SOME of the artworks displayed in the exhibition.—White Star
SOME of the artworks displayed in the exhibition.—White Star

KARACHI: Recently, residents of Sindh became a little worried to know that the government intends to block the subscriber identification module (SIM) cards of those who either refuse to be vaccinated against the coronavirus or haven’t yet got their jabs. Whether it was a mere warning to push people to go for vaccination or a piece of gossip, it goes to show the great importance that people in the 21st century attach to hand-held devices.

This brings into focus the question of identity as well. The latest exhibition of artist Raheela Abro’s artworks titled SIM: Soch, Ilm, Muqaam that opened at the Canvas Art Gallery on Wednesday is an interesting study of the contemporary world seen through conventional eyes using a time-honoured technique.

What is that technique? Answer: miniature work. Now, whoever can convincingly convey an idea through miniatures must be hailed for their diligent practice and insightful understanding of the craft. Abro is one such artist. Her ability to make the delicate look grand and the subtle come across as significant is remarkable. The ongoing show is proof of it. The three Urdu words in the title mean ‘thought’, ‘knowledge’ and ‘place’. Connecting them with a modern-day contraption brings to light the confluence of tradition and newness of ideas; and at the same time underlines the diverging points of view that hint at the conflicts of identity in the ever-progressing world.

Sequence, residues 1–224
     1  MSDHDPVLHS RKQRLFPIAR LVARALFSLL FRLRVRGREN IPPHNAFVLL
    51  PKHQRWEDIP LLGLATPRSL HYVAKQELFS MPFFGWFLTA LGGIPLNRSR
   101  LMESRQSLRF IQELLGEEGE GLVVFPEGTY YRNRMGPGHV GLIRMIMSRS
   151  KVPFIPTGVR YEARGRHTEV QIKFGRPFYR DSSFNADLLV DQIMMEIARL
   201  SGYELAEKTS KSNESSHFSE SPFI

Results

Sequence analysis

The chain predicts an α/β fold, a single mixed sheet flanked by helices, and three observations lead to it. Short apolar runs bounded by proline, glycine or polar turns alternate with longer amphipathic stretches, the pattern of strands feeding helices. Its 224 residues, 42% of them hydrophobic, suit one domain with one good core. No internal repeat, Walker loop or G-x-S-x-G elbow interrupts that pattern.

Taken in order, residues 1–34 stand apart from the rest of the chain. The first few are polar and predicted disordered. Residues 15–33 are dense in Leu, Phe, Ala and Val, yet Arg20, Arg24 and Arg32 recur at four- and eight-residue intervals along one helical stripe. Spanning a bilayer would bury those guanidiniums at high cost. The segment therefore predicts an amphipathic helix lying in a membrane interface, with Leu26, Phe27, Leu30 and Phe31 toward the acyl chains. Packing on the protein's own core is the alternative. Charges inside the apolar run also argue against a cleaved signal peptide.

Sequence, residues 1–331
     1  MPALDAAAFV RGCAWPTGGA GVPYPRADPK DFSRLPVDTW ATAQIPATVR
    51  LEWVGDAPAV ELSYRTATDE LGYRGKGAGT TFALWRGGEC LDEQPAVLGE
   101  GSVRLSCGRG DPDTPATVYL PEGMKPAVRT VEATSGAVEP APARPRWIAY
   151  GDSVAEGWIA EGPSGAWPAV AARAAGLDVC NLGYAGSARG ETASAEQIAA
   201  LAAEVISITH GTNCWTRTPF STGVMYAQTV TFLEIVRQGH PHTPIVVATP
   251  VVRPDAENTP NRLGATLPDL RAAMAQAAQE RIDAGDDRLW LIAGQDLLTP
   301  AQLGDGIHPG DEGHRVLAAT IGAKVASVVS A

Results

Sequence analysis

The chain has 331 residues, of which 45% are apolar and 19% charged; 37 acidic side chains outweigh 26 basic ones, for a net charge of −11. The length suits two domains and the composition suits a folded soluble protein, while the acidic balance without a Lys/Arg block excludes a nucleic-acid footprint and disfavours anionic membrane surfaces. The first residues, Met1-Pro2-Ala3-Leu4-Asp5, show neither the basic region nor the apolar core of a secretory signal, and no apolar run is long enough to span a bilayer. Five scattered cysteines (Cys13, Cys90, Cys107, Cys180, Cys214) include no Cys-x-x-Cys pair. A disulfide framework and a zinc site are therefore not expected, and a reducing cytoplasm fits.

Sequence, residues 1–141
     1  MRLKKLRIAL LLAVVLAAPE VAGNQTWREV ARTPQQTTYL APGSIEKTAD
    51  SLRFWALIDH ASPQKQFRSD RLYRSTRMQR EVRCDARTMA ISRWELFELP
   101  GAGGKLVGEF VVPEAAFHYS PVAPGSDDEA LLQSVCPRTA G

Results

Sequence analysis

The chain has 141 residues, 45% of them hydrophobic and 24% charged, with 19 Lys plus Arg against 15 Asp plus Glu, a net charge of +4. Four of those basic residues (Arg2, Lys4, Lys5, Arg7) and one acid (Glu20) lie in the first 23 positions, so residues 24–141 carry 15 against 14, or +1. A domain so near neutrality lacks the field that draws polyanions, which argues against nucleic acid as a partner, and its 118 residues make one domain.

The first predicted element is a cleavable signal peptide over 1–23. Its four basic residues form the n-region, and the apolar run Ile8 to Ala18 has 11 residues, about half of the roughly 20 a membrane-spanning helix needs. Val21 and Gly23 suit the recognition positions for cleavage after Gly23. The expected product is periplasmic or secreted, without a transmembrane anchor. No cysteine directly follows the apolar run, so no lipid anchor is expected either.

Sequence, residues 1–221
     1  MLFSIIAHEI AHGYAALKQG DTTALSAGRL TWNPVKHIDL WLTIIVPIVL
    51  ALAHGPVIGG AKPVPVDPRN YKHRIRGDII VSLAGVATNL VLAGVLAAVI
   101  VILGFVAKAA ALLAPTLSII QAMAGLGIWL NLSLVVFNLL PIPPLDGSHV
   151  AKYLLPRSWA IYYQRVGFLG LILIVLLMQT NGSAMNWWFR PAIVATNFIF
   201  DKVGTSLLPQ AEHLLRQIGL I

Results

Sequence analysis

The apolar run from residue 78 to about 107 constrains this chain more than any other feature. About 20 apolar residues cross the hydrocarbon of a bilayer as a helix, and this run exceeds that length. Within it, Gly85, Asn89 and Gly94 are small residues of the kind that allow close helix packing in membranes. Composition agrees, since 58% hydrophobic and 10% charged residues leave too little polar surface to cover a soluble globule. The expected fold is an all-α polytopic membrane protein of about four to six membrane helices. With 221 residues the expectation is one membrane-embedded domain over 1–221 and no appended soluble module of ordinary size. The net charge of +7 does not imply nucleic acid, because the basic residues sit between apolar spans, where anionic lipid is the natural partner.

The technique that Abro employs (using SIM cards, sculptural mediums and found objects) in itself relays the message of the innumerable possibilities that society today has at its disposal. And that’s the crux of the matter: the yawning gap between the realm of physical proximity-spiritual closeness and the digital world. The artwork ‘Bookworm’ (oil and acrylics on cell phone’s SIM card and Plexiglas) is a fine example. The hole in the shape of a small card symbolises, or can symbolise, the blank spaces that are increasingly making our identities hard to define.

The exhibition concludes on Aug 6.

Published in Dawn, July 29th, 2021

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